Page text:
The O’Reillys and the Muldoons have been feuding and fussing for 30 years over a small strip of land that separates their adjoining farms in Killucan, Ireland, or “Outside Mullingar” as we are informed by the title of John Patrick Shanley’s fiercely romantic play. Last season’s Broadway hit starring Brian F. O’Byrne and Debra Messing, the play now has been given a fine production at the George Street Playhouse under the direction of David Saint.
If the romantic leads, now played commendably by John Bolger and Ellen McLaughlin, haven’t as yet aligned with the emotional dynamics or established the physical chemistry that defined the performances of their Broadway counterparts, they do take full advantage of the barbed, humorously discursive dialogue that fuels the play . . . and they have the Irish brogue down pat. What is most rewarding is how both theater veterans David Schramm and Patricia Conolly trade off the delightfully disparate personalities that mark their characters as feuding parents and neighbors.
The older contestants with regard to this feud — the belligerent and ailing Tony Reilly (Schramm) and the stubborn and frail Aoife Muldoon (Conolly) — resist any easy solution and rather enjoy goading and baiting each other. Just how it impacts on a long disquieting, unresolved relationship between his odd 42-year-old loner of a son Anthony (Bolger) and her feisty 36-year-old independent daughter Rosemary (McLaughlin) serves as the play’s driving force.
Schramm as the crusty, blustery old codger Tony Reilly huffs and puffs through his tirades on Anthony’s shortcomings and on all the misgivings he has about him inheriting the farm. The action takes place over a period covering five years, mainly in the respective kitchens of both farmhouses as well as in a barn. Gliding on and off the stage with ease, the kitchens of each family have been evoked by designer R. Michael Miller to humorously reflect their owners’ differences and attention to housekeeping.
That Tony feels his farm would be better off in the hands of his nephew living in America, even though Anthony has been running the farm quite well for years, becomes a major bone of contention. What the playwright does to perfection and with Irish-ized ingenuity is to allow his characters to run off at the mouth for prolonged stretches, a sometimes wearying conceit. Conolly, who is making her George Street debut, is, in light of this, a sheer delight as Tony’s perennial sparring partner.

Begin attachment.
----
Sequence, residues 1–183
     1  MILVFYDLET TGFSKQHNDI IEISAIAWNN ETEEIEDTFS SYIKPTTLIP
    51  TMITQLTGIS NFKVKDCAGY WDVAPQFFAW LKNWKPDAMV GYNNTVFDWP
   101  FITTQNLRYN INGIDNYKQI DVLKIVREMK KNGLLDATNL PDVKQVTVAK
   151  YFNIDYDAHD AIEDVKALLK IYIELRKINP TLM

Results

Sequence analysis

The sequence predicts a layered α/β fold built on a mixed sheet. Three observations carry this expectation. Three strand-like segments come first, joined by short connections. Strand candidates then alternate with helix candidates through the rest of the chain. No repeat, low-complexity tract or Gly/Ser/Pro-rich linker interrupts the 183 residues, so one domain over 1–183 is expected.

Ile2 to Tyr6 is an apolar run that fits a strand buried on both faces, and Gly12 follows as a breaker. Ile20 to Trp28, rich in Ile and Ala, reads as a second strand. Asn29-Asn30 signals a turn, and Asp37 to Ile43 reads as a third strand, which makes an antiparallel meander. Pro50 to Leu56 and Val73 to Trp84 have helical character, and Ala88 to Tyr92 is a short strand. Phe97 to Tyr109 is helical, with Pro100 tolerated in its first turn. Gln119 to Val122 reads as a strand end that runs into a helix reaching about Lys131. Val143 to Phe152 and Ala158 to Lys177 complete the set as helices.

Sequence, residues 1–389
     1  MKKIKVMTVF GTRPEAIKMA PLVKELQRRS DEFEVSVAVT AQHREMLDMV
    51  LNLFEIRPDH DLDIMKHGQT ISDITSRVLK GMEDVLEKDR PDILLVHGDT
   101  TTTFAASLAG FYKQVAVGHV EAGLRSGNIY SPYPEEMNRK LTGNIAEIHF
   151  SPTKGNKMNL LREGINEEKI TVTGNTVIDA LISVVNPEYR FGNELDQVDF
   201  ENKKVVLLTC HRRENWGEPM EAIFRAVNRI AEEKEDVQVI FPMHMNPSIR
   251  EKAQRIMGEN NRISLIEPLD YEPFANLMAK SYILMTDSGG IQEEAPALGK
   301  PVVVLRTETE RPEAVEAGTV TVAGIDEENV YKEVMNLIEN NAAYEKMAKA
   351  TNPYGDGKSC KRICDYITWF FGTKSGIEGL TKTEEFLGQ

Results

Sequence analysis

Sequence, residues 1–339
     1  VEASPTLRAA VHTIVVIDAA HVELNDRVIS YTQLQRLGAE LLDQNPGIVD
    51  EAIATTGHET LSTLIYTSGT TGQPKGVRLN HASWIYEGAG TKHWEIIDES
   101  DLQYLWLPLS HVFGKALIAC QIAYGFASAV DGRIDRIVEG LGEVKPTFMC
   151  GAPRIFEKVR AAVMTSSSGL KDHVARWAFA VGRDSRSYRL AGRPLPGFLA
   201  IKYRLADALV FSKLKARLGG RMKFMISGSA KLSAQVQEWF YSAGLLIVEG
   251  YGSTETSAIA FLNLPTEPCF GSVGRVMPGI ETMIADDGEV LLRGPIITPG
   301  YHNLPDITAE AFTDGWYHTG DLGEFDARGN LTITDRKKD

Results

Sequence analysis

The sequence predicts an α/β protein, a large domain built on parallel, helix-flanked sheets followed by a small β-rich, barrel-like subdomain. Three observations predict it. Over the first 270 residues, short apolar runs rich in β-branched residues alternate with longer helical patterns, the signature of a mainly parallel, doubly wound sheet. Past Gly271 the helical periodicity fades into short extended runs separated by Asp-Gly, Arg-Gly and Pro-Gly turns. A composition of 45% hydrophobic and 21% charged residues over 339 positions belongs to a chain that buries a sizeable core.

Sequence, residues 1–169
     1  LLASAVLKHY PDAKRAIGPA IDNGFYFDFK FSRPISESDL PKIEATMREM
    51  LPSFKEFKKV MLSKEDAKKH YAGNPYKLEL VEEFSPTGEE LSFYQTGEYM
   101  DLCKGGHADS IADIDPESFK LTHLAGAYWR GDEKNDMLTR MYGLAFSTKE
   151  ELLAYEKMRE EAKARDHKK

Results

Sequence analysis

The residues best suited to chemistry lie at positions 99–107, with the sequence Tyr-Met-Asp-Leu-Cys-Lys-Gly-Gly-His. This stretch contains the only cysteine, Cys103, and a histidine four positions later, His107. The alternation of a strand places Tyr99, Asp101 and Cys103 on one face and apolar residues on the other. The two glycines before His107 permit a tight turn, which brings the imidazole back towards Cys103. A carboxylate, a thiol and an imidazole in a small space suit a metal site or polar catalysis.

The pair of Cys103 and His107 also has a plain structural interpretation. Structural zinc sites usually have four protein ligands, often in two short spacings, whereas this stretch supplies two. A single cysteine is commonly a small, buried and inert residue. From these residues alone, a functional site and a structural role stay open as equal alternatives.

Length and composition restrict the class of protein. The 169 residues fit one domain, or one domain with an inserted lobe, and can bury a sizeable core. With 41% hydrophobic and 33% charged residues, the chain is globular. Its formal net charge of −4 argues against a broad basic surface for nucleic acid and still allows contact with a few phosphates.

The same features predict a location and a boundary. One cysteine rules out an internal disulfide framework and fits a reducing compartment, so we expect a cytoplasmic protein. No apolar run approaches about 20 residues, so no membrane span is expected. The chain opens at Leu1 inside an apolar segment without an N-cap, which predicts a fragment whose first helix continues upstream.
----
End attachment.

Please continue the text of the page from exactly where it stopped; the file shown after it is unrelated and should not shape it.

Though just widowed she isn’t above blaming Tony not only for his part in the feud but for all the ills of the Irish as well. Not at all happy that Anthony has invited Aoife and Rosemary to his home after the funeral, Tony makes his intentions quite clear to Anthony. He accuses him of not having any joy in his work, a feeling that is only partly at the heart of Anthony’s unhappiness.
Anthony’s despair is further triggered by the attractive Rosemary with whom he has had a testy relationship since they were children. Our patience is also tested in a protracted scene, a face-off between Anthony and Rosemary, that leaves Bolger and McLaughlin little to do but stand their ground and bark at each other.
Rosemary makes a point of irritating Anthony not only with her independence but also by smoking her deceased father’s pipe. Even harder to understand and a major distraction is McLaughlin’s unattractively streaked blonde hair — maybe I was secretly looking for a more Gaelic type or Maureen O’Hara with red hair. And why has costume designer David Murin put her in black boots and leather in the opening scene to appear as if she had just come straight from a Greenwich Village bar for a specific clientele?
Infuriated and deeply hurt by his father whom he dearly loves, Anthony is agonizingly frustrated by his long repressed feelings for Rosemary. Feelings that are both repressed and expressed are the crux of every scene, particularly a climactic one in which Anthony and Tony are able to resolve what has stood between them. This is when Rosemary is able to break through the barrier that brings them together and is play’s most touching, well acted, and directed scene.
There is a strong chance that many will be charmed by the play’s fantastical final revelation. I can’t say that I bought it. Shanley, whose successes have ranged from his Pulitzer Prize-winning “Doubt” to his Academy Award-winning “Moonstruck,” isn’t above lowering the credibility factor to make the malarkey plausible. It almost works.
Outside Mullingar, George Street Playhouse, 9 Livingston Avenue, New Brunswick. Sunday and Tuesday at 7 p.m.; Wednesday, Thursday, Friday, Saturday at 8 p.m.; matinees Thursday, Saturday, Sunday at 2 p.m., through Sunday, November 2. $28-$67. 732-246-7717 or GSPonline.org.